WASHINGTON — Federal Deposit Insurance Corp. Chairman Sheila Bair said Wednesday the growing robo-signing scandal was symptomatic of the poor incentives that marred the securitization market, but she opposed a universal freeze on foreclosures.
While she continued to push for loan workouts, Bair said, "Across-the-board foreclosure moratoriums - I'm not sure that would help anyone. I think it would forestall a process that necessarily has to take place," Bair said.
Addressing a Washington conference of the Urban Land Institute, Bair also hailed government efforts to improve quality of mortgage servicing, and continued her criticism of the government-sponsored enterprises.
"In hindsight, the implicit government backing enjoyed by the mortgage GSEs, where profits were privatized and the risks were socialized, was an accident waiting to happen," she said.
Her speech, which included a question-and-answer period, came amid calls for investigations of whether banks' poor documentation was to blame for improper foreclosures of some borrowers.
Although Bair said FDIC-supervised banks "upon initial review" do not appear to have been responsible, she called the issue a "serious matter."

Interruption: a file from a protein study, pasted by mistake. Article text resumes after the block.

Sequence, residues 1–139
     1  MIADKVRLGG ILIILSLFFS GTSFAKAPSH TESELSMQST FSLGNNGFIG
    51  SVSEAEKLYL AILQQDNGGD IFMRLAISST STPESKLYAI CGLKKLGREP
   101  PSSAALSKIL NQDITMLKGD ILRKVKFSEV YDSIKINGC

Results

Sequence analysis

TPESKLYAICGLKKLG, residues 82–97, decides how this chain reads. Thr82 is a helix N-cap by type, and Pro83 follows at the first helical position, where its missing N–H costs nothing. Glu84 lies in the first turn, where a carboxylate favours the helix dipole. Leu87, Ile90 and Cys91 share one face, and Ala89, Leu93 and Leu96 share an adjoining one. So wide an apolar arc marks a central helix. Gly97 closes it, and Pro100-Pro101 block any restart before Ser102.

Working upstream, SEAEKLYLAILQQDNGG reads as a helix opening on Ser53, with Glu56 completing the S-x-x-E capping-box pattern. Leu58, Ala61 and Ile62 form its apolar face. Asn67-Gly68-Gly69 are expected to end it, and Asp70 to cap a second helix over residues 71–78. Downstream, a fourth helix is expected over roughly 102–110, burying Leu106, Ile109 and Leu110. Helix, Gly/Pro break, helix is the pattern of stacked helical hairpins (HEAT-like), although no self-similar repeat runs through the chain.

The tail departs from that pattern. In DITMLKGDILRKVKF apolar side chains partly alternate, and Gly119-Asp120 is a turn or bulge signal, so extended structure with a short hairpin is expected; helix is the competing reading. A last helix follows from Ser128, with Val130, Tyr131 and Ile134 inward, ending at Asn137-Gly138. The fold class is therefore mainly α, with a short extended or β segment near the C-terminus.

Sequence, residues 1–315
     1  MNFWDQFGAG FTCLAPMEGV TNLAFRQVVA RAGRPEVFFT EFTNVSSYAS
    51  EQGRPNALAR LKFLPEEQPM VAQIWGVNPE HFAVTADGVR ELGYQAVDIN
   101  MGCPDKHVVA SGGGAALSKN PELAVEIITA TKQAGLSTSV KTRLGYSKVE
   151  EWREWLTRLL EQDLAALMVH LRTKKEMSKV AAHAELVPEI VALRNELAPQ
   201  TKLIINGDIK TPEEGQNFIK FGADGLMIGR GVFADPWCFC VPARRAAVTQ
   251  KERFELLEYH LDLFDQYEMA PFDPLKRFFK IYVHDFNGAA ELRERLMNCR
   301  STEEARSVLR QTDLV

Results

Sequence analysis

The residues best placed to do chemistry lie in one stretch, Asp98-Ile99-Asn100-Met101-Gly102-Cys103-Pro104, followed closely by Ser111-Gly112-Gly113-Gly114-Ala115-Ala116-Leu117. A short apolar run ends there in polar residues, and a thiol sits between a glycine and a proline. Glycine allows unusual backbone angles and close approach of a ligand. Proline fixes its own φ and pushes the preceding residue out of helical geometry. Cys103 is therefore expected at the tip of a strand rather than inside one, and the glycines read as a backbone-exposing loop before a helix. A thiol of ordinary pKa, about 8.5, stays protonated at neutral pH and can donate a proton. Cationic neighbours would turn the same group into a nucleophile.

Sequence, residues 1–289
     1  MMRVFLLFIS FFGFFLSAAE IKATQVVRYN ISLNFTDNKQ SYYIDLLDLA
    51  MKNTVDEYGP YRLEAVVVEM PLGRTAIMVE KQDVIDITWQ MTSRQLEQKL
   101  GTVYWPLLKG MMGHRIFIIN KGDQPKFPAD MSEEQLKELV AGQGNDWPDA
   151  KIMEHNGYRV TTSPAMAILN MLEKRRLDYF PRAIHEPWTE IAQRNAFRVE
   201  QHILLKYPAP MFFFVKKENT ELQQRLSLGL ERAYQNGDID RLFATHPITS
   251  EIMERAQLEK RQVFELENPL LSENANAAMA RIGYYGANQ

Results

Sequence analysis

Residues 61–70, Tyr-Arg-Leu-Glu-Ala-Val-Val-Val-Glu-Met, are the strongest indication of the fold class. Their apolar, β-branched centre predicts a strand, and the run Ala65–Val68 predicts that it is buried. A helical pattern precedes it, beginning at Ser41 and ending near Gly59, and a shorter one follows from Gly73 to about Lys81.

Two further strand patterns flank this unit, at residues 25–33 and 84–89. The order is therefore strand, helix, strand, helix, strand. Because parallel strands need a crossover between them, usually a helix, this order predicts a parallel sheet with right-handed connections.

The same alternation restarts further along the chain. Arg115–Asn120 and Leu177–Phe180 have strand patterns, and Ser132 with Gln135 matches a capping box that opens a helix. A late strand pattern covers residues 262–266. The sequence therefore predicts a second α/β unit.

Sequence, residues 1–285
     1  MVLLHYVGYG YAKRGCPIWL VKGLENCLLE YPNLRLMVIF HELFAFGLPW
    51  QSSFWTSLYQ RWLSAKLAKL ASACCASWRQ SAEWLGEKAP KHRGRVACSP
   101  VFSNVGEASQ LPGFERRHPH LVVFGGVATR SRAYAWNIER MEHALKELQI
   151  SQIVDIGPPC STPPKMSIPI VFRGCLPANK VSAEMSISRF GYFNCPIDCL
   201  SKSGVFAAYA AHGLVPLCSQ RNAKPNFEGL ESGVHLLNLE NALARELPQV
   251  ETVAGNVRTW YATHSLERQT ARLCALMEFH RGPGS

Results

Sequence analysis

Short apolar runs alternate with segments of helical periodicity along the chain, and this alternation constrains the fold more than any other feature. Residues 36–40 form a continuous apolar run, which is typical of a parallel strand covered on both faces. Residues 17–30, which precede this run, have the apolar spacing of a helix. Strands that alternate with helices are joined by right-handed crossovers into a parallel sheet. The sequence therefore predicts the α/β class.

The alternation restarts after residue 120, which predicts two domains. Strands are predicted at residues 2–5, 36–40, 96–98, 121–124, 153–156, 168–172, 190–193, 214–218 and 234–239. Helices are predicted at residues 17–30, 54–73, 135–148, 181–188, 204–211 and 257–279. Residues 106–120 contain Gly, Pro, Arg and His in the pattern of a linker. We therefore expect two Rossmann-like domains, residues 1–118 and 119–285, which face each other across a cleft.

"The robo-signer situation underscores how wrong things went in the financial crisis and that there is still a lot of work to do," she said. "Foreclosure is a costly, unpleasant and emotional process. … Loan modifications should be considered whenever possible. Foreclosure should only come after careful thought, thorough analysis and good documentation."
The revelations, she added, reflect "the poorly aligned incentives that have existed in the mortgage servicing business."
The FDIC has attempted to address servicer incentives through a recent rule restricting use of a safe harbor in failed-bank scenarios for securitized assets. In addition to requiring bank originators to retain a piece of securitized loans in order to get the safe harbor, the rule also deals with how servicers are compensated.
Bair expressed hope coming regulations to implement the retention requirements in the Dodd-Frank bill will likely make similar improvements for all financial players.
"While the FDIC's new rule will help create positive incentives for servicing, it is, by the nature of our authority, limited to banks," she said.
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